Microsoft’s Xbox One development process has been one of the most closely watched and hotly debated topics in video game history. From false starts, hardware related complaints, and dozens of other concerns and questions, for better or for worse, the Xbox One has been on the top of thousands of gamer’s tongues.
One of the most interesting developments in regards to the Xbox One is the system’s ‘Friend App’.
Microsoft’s beloved Major Nelson spoke in detail about the feature in a video released on Xbox’s official YouTube channel, touting the Friend App’s apparent innovation and ability to connect gamers the world over.
While interesting, denying the Friend App’s similarities to the social media juggernaut, Facebook, is near impossible.
This is not to say that Microsoft is completely ripping off Mark Zuckerberg’s creation, or that there are no differences between Facebook and the Friend App, but rather that Microsoft’s attempt to emulate the most important social connectivity brand of all time in a way that is meaningful to video game players will forever change how people bond through playing games.
In the Friend App video, the excitement in Major Nelson’s voice is palpable. He is confident and assured in the importance of this Xbox One feature.
The Friend App allows for seamless management of a user’s friends and followers. Microsoft and their Xbox family has always succeeded where it counts in terms of social integration through their Xbox One dashboard, and the Friend App is in many ways a sleeker, modernized successor to it.
As Major Nelson goes through the App’s features, similarities towards Facebook do arise. Starting with the Friend App’s feed; it is easy to draw comparisons to the mindless scrolling through Facebook’s feed that has become almost an epidemic in today’s society. In the same vein of the App’s feed, the overhaul to user profiles, specifically the snapshot-esque overview and personal recent activity draws parallels again to Zuckerberg’s creation.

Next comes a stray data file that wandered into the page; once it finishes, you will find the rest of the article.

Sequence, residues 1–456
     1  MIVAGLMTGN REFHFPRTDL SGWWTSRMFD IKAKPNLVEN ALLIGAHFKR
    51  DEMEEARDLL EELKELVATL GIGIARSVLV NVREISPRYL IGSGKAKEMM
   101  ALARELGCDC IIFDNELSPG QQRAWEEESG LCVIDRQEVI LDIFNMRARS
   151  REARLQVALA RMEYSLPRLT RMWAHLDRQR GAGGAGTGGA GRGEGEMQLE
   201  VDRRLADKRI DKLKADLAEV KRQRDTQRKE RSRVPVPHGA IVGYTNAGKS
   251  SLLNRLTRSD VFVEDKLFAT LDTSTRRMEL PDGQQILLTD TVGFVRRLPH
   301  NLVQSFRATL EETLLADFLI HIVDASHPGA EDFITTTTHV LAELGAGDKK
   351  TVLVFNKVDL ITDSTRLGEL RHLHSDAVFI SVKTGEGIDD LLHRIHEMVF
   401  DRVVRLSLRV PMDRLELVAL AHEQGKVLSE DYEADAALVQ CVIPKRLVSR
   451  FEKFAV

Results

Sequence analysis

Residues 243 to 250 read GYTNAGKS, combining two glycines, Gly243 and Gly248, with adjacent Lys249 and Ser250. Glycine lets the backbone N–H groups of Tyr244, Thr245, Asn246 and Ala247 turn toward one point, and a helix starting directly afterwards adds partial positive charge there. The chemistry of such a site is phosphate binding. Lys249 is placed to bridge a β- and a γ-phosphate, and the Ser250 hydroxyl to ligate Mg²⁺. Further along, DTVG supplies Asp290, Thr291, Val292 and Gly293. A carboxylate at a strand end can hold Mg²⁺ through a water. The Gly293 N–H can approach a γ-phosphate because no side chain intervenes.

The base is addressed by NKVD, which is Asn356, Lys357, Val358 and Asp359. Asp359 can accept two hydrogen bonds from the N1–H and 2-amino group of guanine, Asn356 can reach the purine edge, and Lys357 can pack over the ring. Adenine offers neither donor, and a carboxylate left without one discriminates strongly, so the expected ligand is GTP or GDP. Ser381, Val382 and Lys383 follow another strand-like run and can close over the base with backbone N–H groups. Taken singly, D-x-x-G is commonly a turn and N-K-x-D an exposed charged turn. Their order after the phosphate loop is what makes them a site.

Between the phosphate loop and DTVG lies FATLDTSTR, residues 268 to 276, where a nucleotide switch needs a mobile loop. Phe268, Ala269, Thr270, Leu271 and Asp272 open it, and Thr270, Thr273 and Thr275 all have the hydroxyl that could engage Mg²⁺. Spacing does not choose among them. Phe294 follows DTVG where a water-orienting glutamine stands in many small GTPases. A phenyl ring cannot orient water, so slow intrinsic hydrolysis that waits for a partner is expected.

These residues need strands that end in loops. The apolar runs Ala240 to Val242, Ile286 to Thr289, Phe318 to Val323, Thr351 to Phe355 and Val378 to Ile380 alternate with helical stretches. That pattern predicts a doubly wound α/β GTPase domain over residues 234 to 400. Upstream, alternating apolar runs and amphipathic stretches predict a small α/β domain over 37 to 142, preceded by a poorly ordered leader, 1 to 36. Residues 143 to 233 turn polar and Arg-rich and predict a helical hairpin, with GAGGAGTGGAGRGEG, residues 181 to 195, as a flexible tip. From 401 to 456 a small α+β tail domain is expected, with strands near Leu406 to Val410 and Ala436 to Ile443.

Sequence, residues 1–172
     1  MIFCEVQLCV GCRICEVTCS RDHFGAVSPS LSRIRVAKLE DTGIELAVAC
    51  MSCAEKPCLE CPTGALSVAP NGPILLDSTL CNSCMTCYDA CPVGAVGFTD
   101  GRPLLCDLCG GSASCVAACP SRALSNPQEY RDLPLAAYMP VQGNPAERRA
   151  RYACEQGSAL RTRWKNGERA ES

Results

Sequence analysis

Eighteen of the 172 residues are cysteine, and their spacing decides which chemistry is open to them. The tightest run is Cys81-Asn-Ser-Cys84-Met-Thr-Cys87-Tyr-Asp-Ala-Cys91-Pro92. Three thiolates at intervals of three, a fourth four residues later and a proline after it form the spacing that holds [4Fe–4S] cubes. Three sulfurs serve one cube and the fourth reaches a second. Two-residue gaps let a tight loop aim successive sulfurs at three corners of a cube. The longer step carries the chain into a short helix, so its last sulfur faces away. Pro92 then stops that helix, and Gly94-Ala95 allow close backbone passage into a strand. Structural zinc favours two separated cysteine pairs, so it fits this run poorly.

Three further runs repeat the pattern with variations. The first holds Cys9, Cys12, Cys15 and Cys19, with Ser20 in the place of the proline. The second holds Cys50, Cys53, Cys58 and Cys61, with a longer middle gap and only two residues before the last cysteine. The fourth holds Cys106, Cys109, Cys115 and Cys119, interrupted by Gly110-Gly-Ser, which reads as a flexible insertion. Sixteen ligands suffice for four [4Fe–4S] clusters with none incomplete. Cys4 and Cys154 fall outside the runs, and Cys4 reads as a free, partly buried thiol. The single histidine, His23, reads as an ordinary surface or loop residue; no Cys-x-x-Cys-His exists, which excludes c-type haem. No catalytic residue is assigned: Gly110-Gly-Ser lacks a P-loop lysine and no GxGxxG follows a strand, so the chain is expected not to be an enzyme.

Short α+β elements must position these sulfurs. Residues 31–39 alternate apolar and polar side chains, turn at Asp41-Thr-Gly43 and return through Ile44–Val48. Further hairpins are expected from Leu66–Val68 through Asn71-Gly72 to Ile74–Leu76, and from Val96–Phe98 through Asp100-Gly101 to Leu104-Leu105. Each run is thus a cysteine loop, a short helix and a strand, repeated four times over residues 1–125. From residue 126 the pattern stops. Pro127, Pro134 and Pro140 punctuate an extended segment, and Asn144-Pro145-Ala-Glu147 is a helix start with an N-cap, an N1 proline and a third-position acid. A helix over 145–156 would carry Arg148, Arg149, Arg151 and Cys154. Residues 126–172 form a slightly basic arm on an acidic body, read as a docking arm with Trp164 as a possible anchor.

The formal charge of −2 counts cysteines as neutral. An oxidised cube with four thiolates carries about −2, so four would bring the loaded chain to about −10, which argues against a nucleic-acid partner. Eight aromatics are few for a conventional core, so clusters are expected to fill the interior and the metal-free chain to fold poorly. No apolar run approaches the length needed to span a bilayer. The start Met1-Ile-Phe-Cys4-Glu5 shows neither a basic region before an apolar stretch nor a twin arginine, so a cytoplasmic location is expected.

Similar again is the view of Xbox One user’s friend profiles. The ability to navigate from the App’s feed to someone’s personal page, and a quick view of their recent achievements and activity again matches the persistent profile-viewing that dictates much of the social media world.
The favorites section recalls Facebook once again, but is perhaps the most meaningful addition to the App’s repertoire. Referred to as a ‘snapshot of who you care about most on Xbox Live’ by Major Nelson, usage of the favorites feature allows for some interesting options. Similar to how Facebook allows users tailor who appears most frequently in their friends list and feed, the App’s favorites feature makes management across large groups of gamers much simpler.
Allowing users to follow different people without actually being friends with them is vaguely similar to Facebook’s ‘like’ pages and the option presented by the site to follow different users. However, its importance to the Xbox One is much more apparent than a quick glance might suggest.
As the video games industry continues to grow, so too does the prevalence of more and more people becoming professional players. With much more awareness and attention to professional playing and by the same nature, the personalities associated with them; Microsoft’s move to allow gamers to be able to connect with those characters goes miles in terms of creating a sense of community.
Drawing similarities between the Xbox One’s Friend App and Facebook is of course not entirely a bad thing. Facebook, and social media by extension, have become by a large an integral part of the human experience. Microsoft’s decision to blend their already popular online features with the best assets of Facebook is a genuinely brilliant business strategy.
By taking features and systems that are become mainstays in the lives of many, Microsoft has ensured that the Friend App will allow for the next wave of interpersonal relationships to be fostered through their online features. Creating, borrowing, and in some cases improving upon the Facebook experience, while still making it appeal to gamers almost exclusively is in many ways a perfect storm for Microsoft.
People already feel familiar with Facebook, incorporating elements of it into the core components of their new system, has ensured that Microsoft will be continually ahead of the curve as interests, tastes, and even communication methods as a whole change from video game player to video game player.
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